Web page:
One of the problems associated with the use of the GPS reception in our mobile devices is the fact of batteries of them consume significantly more quickly. That is coupled with the difficulty of receiving the signal in locations surrounded by tall buildings or tunnels.
A team from the Illinois Institute of Technology in Chicago have developed a program called SmartLoc which among other things improves the accuracy of the GPS system and also save on battery due to the use of the smartphones inertia sensors.
Although this sensor you need a GPS signal of departure, thereafter You can measure the acceleration indicating for example that we move forward or we turn left and right.
These data are combined with of the maps which shows where are the crosses, turns, and even traffic lights. Each map element has a “signature of inertia” feature the smartphone can be identified, making that system also serves to show our position at all times.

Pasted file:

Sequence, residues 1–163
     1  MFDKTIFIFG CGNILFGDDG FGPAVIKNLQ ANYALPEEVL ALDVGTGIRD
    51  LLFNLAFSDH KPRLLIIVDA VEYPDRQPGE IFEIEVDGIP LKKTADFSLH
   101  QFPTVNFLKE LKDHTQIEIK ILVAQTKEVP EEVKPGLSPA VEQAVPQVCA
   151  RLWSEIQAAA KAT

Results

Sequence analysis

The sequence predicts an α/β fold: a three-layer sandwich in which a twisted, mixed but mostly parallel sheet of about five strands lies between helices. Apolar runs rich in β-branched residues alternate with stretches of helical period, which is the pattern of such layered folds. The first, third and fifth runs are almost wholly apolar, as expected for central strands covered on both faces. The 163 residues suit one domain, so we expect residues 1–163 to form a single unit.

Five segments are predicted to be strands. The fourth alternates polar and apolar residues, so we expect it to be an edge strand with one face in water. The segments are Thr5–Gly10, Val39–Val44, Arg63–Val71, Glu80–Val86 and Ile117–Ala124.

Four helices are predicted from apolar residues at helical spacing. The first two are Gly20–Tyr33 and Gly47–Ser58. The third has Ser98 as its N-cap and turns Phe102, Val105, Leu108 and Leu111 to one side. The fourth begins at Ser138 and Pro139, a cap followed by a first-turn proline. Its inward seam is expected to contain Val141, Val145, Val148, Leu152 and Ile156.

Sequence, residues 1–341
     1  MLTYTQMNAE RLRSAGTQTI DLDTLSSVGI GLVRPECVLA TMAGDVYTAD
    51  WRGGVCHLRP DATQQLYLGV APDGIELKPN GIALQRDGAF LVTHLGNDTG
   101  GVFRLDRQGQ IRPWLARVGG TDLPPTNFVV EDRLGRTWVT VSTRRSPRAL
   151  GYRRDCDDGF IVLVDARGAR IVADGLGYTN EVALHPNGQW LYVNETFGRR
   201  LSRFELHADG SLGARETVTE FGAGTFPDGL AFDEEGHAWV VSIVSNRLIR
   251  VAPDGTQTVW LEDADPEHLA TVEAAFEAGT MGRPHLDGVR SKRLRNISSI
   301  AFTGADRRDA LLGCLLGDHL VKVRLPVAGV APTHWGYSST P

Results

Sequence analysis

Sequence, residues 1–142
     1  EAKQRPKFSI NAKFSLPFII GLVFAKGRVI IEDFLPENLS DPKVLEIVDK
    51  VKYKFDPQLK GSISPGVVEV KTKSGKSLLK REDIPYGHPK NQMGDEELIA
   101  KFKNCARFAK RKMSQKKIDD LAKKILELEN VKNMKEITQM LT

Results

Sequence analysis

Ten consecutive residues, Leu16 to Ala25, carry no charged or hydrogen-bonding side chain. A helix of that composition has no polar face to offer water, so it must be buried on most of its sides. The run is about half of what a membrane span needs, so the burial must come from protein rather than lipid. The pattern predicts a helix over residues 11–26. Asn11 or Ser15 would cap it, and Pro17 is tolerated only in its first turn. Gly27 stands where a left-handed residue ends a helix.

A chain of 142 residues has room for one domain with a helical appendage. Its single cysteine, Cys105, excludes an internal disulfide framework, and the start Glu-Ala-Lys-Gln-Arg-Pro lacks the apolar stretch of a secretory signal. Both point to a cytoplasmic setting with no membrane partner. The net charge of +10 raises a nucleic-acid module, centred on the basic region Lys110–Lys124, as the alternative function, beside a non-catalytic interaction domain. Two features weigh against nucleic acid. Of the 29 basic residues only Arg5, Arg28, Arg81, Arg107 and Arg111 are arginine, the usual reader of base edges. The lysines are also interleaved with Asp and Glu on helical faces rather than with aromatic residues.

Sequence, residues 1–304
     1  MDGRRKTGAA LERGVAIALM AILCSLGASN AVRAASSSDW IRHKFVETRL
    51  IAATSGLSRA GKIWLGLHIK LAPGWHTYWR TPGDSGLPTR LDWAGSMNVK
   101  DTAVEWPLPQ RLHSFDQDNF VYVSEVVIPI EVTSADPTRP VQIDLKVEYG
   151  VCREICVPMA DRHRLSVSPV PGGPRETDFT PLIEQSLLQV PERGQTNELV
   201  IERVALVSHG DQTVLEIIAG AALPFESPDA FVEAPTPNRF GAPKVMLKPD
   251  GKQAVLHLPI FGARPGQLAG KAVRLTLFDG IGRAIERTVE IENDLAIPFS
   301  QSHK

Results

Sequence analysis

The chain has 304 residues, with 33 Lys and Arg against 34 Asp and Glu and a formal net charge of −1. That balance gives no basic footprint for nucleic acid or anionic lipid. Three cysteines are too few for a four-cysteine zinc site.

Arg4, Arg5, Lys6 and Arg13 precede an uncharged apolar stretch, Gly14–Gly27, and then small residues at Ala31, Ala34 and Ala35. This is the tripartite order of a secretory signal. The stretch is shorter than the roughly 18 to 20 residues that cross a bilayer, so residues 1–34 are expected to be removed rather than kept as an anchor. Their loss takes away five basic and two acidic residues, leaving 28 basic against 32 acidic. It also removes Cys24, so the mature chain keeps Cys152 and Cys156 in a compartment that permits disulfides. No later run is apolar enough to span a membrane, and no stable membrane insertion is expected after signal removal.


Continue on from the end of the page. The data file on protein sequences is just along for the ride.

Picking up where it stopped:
With a Galaxy S3 tests showed that the system works, and even in the streets of downtown Chicago where the signal is lost at various points the program retrieves the data. “Our extensive tests show that SmartLoc improves the accuracy of the location less than 20 m to more than 90% of the streets in downtown Chicago, compared with more than 50% using only GPS data,” explained one of the responsible for the project.
The idea is also interesting because this type of development could make that GPS could disable periodically so that the sensor of inertia of these smartphones only used, much more efficient at the level of battery consumption.